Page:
Study Involving Twins Highlights Benefits of Flossing
Posted on 6/15/2016 by Thomas Mahar
Every time you go to the dentist, your hygienist likely preaches the importance of flossing. If you are like most people in the U.S., it might be difficult to encourage yourself to floss daily, but since you are brushing regularly, you probably aren't concerned.
However, a recent study has further highlighted the important benefits of flossing by examining the effects on the mouths of twins.
About the Study A new study completed by researchers at NYU's College of Dentistry assembled about 1,100 pairs of twins, including both female and male fraternal and identical twins up to 21 years old. These twins were all living in disadvantaged neighborhoods in Montes Claros, a city in northeastern Brazil.
This community had limited access to dental health care, and water fluoridation was inadequate. These issues put residents at a significant risk of experiencing decay.
Researchers then followed 51 pairs of twins that were well-matched, and they examined how their mouths changed after flossing for two weeks. It was found that after two weeks, decay-causing bacteria and other oral pathogens were "overabundant" in the group of participants who didn't floss when compared to their twin who had flossed. The twins who flossed also had significantly less gum bleeding - 38%.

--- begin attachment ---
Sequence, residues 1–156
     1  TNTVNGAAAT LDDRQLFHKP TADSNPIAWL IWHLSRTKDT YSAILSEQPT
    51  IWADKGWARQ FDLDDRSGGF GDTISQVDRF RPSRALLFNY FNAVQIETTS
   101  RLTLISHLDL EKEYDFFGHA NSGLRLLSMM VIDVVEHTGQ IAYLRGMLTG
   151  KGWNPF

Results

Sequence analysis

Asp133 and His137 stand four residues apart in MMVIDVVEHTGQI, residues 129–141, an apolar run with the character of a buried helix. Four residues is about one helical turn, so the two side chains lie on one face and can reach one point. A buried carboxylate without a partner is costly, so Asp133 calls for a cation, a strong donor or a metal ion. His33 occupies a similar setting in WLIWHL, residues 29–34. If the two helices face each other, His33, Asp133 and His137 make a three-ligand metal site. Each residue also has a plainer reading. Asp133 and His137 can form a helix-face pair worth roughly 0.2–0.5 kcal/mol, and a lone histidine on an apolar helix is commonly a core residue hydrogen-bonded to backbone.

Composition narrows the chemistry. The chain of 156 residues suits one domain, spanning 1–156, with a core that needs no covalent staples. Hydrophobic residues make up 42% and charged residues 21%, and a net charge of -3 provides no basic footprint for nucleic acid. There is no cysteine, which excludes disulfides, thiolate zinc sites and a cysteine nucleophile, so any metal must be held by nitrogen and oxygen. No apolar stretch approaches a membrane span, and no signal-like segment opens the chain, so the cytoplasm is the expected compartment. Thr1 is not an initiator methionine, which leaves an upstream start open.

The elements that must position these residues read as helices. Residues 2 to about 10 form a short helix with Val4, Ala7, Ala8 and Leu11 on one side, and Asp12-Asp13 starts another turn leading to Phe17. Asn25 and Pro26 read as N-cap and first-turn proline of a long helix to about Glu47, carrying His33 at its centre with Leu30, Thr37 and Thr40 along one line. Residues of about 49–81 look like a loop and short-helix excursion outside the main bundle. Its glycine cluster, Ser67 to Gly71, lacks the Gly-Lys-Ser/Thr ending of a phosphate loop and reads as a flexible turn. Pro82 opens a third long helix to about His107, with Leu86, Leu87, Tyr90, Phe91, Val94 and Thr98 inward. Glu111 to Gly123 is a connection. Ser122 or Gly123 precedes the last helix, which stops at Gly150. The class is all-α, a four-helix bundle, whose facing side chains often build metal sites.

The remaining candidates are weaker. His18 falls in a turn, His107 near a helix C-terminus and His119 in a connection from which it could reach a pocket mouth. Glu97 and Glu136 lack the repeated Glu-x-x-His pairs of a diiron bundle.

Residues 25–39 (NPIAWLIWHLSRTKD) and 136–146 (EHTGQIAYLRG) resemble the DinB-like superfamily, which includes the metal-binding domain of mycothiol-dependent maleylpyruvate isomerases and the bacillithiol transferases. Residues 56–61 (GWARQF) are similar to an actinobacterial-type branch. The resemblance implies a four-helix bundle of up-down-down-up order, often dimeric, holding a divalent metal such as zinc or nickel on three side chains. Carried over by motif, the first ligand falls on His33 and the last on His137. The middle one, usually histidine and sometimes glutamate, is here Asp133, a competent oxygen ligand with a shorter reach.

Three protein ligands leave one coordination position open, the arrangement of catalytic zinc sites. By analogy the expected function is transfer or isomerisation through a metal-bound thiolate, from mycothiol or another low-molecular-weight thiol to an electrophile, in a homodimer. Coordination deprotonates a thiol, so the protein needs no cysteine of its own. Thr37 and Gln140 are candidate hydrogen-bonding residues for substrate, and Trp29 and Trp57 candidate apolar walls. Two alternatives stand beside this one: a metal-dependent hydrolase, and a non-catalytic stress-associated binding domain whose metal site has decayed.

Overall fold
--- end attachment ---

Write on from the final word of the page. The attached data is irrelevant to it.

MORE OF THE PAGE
This study was thought to be one of the best studies examining the benefits of flossing. The twins all had similar dietary habits and health care practices, and they also lived together, making environmental factors non-issues.
What We Can Learn from this Study The major takeaway from this study is that when your dental hygienist tells you how important it is for you to floss regularly - listen! Flossing just once per day should only take 3-5 minutes, and it is clear that this simple activity can go a long way in reducing harmful oral bacteria. The end result should be a healthier mouth and a healthier body.